Power Plant: How Grass Might Generate Fuel, Help Fix Damaged Mine Lands

Jul 26, 2019
West Virginia University Professor Jeff Skousen among giant miscanthus on an old mine site.
Brittany Patterson / Ohio Valley ReSource

Down bumpy back roads deep in central West Virginia, a flat, bright green pasture opens up among the rolling hills of coffee-colored trees.

Wildflowers and butterflies dot the pasture, but West Virginia University Professor Jeff Skousen is here for something else that stands above the rest of the Appalachian scenery – literally.

Thick stalks of green-yellowish grass reach up 10 feet into the air like a beanstalk out of a fairy tale, and Skousen is dwarfed by it.

Retired Coal Miners on Capitol Hill Push for a Fix to Pension System

Jul 25, 2019
Sam Ball, a retired coal miner from Virginia, testified before the House Subcommittee on Energy and Mineral Resources.
House Subcommittee on Energy and Mineral Resources

A rush of retired coal miners and advocates were in Washington this week, pushing members of Congress to protect their pensions.

About 40 members of the United Mine Workers of America (UMWA) arrived on Capitol Hill Tuesday, July 23, to meet with lawmakers and voice their concerns during a congressional hearing Wednesday.

Led by production from its Powder River Basin, Wyoming produces 40 percent of U.S. coal.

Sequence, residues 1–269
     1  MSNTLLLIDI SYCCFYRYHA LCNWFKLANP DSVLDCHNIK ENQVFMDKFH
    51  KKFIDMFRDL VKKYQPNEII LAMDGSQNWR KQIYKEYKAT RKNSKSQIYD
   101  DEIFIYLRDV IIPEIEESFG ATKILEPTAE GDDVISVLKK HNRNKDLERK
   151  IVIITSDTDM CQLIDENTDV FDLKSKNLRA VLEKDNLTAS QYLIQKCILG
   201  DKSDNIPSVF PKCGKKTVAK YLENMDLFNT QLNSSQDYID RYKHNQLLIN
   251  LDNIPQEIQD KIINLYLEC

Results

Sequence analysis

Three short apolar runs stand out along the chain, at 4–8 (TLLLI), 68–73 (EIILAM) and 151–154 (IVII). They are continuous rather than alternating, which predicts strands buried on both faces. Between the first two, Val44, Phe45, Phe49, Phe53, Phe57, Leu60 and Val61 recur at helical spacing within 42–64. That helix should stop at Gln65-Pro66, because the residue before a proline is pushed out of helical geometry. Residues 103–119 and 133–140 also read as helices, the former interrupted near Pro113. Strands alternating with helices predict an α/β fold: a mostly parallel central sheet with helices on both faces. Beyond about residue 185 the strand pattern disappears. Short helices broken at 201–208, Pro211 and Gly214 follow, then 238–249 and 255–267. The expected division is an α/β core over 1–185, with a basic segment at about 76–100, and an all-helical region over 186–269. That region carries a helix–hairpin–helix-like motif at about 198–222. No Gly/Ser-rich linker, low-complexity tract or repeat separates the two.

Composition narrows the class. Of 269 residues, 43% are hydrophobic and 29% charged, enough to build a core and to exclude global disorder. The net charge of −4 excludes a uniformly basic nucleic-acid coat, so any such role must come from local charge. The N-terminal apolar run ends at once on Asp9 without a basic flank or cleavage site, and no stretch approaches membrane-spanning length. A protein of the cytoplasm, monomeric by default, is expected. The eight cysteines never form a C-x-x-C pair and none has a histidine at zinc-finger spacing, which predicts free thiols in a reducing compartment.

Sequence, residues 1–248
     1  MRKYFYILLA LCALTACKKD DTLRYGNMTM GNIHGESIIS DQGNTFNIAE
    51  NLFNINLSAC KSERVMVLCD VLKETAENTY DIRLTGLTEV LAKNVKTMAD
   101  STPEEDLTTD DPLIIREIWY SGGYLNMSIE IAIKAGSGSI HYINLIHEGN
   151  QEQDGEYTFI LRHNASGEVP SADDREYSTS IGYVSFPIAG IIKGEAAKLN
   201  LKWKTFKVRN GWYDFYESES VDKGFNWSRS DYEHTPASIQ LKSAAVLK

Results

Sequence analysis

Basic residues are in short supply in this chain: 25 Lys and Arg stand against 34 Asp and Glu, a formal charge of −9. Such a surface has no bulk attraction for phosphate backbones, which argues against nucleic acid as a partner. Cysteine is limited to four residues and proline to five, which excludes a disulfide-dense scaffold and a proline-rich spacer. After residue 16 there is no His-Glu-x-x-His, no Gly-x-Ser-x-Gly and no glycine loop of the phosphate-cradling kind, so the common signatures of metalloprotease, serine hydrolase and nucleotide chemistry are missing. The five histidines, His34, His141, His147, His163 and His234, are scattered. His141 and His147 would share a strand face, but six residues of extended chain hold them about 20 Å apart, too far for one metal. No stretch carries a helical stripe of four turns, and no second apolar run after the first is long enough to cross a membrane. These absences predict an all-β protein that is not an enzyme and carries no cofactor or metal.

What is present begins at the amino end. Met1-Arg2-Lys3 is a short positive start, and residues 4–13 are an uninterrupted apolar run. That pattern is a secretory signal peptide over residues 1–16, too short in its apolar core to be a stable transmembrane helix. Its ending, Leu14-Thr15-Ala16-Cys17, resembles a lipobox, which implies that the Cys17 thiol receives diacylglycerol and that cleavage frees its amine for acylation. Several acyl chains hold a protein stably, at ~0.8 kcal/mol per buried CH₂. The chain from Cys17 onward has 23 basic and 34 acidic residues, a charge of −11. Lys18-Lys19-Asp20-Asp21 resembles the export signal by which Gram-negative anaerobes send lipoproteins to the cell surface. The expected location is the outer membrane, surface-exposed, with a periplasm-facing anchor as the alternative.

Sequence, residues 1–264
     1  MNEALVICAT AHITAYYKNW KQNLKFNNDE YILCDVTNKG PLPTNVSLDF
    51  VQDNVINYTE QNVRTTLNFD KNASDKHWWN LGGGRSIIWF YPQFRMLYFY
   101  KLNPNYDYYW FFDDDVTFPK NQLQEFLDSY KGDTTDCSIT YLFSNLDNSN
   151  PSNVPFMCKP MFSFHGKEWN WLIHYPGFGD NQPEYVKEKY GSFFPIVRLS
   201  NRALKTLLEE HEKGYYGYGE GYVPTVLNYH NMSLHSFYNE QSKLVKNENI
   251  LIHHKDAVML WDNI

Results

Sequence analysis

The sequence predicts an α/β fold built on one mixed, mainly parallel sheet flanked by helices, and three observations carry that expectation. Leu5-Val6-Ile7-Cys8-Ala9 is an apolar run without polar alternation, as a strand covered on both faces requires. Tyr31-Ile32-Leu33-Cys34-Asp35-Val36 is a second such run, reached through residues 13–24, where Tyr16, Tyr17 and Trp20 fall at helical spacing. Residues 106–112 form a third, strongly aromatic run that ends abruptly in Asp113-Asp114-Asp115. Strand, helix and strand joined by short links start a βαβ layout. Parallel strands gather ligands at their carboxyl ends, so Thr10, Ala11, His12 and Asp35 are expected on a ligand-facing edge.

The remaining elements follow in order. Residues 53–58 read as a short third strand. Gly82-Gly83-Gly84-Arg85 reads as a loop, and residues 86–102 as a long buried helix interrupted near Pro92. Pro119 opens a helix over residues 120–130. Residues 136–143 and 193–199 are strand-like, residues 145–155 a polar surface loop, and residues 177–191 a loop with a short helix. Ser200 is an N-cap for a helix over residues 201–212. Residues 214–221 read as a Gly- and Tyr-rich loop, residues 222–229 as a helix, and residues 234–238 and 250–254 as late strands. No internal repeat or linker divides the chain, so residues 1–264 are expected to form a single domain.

U.S. Geological Survey

A buyer for some of bankrupt coal company Blackjewel’s mines has emerged. 

In a court filing Thursday, July 25, the West Virginia-based company said Contura Energy Inc., which operates both surface and underground coal mines across Appalachia, had agreed to be a “Stalking Horse Purchaser” or initial bidder for three of the company’s surface mines. 

West Virginia Morning
West Virginia Public Broadcasting

On this West Virginia Morning, similar to West Virginia, Ohio has a law that can force landowners to lease their underground mineral rights to energy companies. The Allegheny Front’s Julie Grant takes a closer look at what happens when people there say no to fracking. It's the latest story in The Allegheny Front's series, Who’s Listening?

Court Tosses Lawsuit in 1968 Farmington Mine Explosion

Jul 24, 2019
In this Nov. 21, 1968, file photo, smoke pours from the burning Llewellyn portal of the Mountaineer Coal Co., where 78 miners are trapped near Farmington, W.Va.
AP file photo

A federal appeals court has thrown out a lawsuit filed by the families of 78 men who were killed in a 1968 mine explosion in West Virginia.

The ruling Wednesday by the 4th U.S. Circuit Appeals affirms a 2017 ruling by a federal judge.

As Miners Hit D.C., Lawmakers Introduce Bills to Fund Black Lung Benefits

Jul 24, 2019
Mackie Branham views a lung X-ray with Dr. James Brandon Crum, who was among the first physicians to note an uptick in black lung diagnoses
Howard Berkes / NPR

Democratic members of Congress introduced legislation Tuesday to provide additional funding for coal miners suffering from black lung. The bills came as a contingent of Appalachian miners afflicted with the disease lobbied lawmakers for more support. 

“It doesn’t only take your health. It takes your identity,” Barry Johnson said of the disease. Johnson is a fourth-generation coal miner from Letcher County, Kentucky, who made the trip to Washington with his oxygen tank in tow. 

Courtesy: Shell Chemicals

 

West Virginia lawmakers heard testimony Tuesday from a top Department of Energy official that the federal government is prioritizing building out a petrochemical industry in Appalachia.